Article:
“Being black in America should not be a death sentence,” Mayor Jacob Frey said.
7 min read
The Federal Bureau of Investigation will probe the death of a black man who died shortly after being apprehended by police in Minneapolis, Minnesota, after disturbing video emerged on social media showing a police officer with his knee on the man’s neck as the man repeatedly yells out, “I can’t breathe.”
“I can’t breathe, please, the knee in my neck,” the man said in a video showing a police officer pinning him to the ground. “I can’t move … my neck … I’m through, I’m through.”
The Minneapolis Police Department announced Tuesday morning that the FBI will be a part of the investigation into the death. Minneapolis Police Chief Medaria Arradondo said Tuesday morning that the officers involved in the incident have been placed on paid leave and he pledged the department’s full cooperation with any investigations.
Later Tuesday, the mayor of Minneapolis tweeted that all four responding officers involved in the incident have been terminated.
“Being black in America should not be a death sentence,” Minneapolis Mayor Jacob Frey said at a news conference Tuesday morning. “For five minutes, we watched a white officer press his knee into a black man’s neck. Five minutes. When you hear someone calling for help, you’re supposed to help. This officer failed in the most basic, human sense.”
Frey called the incident “awful” and “traumatic,” saying, “it serves as a reminder of how far we have to go.”
In a statement on Facebook, Frey added that, “I believe what I saw and what I saw is wrong on every level.”
“To our Black community, to the family: I’m so sorry,” he wrote.
Police did not identify the man who died, but Civil Rights Attorney Ben Crump, who is representing his family, said he was George Floyd.
“We all watched the horrific death of George Floyd on video as witnesses begged the police officer to take him into the police car and get off his neck,” Crump said in a statement. “This abusive, excessive and inhumane use of force cost the life of a man who was being detained by the police for questioning about a non-violent charge.”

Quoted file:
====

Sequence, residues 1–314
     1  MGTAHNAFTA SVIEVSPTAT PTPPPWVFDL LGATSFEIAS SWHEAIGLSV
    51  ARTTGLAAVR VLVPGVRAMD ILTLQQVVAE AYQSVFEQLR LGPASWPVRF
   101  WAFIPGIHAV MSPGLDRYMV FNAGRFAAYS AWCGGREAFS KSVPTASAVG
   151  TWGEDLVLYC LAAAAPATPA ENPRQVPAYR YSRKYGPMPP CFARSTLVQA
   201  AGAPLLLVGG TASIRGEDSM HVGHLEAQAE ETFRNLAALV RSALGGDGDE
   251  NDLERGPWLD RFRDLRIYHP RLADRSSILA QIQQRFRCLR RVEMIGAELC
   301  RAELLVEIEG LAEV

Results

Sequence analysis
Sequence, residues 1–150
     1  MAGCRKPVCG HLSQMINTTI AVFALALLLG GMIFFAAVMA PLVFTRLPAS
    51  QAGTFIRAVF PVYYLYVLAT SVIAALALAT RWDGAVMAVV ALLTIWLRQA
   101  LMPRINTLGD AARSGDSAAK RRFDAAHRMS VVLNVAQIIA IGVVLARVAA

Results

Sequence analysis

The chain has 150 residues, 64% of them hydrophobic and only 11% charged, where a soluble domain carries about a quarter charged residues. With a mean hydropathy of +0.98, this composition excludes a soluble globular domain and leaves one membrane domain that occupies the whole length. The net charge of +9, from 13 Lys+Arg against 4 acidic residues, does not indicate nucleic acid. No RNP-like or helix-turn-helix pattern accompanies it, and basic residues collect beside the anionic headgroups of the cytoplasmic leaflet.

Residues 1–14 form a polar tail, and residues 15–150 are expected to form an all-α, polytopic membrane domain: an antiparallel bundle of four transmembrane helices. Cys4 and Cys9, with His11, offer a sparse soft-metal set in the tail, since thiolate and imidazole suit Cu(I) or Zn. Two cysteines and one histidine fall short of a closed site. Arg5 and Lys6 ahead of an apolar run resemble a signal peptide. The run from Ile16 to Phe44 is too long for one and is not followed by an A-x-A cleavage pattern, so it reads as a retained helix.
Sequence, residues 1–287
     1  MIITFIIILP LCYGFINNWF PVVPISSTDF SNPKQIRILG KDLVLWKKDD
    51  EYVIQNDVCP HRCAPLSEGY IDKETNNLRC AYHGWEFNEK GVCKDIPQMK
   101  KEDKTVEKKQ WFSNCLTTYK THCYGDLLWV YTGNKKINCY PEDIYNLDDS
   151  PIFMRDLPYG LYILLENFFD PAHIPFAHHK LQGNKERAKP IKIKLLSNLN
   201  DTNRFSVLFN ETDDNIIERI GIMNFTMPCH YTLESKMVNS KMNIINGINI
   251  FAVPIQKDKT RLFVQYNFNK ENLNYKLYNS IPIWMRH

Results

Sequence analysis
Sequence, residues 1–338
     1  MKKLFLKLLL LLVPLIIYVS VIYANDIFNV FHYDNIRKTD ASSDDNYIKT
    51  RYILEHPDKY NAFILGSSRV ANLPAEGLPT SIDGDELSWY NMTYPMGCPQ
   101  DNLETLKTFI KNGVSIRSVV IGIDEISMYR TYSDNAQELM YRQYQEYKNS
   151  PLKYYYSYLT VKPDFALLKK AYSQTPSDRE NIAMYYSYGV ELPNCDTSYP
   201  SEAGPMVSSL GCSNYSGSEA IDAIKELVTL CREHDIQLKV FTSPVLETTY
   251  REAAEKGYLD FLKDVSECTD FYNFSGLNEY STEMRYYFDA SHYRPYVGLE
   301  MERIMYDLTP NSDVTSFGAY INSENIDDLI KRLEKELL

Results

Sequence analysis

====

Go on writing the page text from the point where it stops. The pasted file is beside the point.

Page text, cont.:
“We will seek justice for the family of George Floyd, as we demand answers from the Minnesota Police Department,” he added. “How many ‘white black’ deaths will it take until the racial profiling and undervaluing of black lives by police finally ends?”
Sen. Amy Klobuchar, a former prosecutor in Hennepin County where the death took place, called for a “thorough outside investigation” into the incident in a statement on Twitter.
“We heard his repeated calls for help. We heard him say over and over again that he could not breathe. And now we have seen yet another horrifying and gutwrenching instance of an African American man dying,” Klobuchar said. “Every single person in every single community in this country deserves to feel safe. As the Mayor of Minneapolis noted, this tragic loss of life calls for immediate action.”
She added that “justice must be served for this man and his family, justice must be served for our community, and justice must be served for our country.”
The police union representing the officers did not immediately respond to ABC News’ request for comment Tuesday.
The Minneapolis Police Department said Monday that officers were initially called to the scene “on a report of a forgery in progress” in a statement on their website.
The statement added that officers were advised that the suspect “appeared to be under the influence” and that he “physically resisted officers.”
He later “appeared to be suffering medical distress” and officers called an ambulance. He was transported to the Hennepin County Medical Center by ambulance, “where he died a short time later.”
The police department said there were no weapons of any type used by anyone involved in the incident and no officers were injured.